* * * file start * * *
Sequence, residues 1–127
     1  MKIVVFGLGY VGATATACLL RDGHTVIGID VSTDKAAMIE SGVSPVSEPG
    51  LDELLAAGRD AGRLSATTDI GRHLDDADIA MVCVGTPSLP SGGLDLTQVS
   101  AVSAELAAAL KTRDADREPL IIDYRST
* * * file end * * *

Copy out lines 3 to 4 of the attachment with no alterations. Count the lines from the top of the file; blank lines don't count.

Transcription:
    51  LDELLAAGRD AGRLSATTDI GRHLDDADIA MVCVGTPSLP SGGLDLTQVS
   101  AVSAELAAAL KTRDADREPL IIDYRST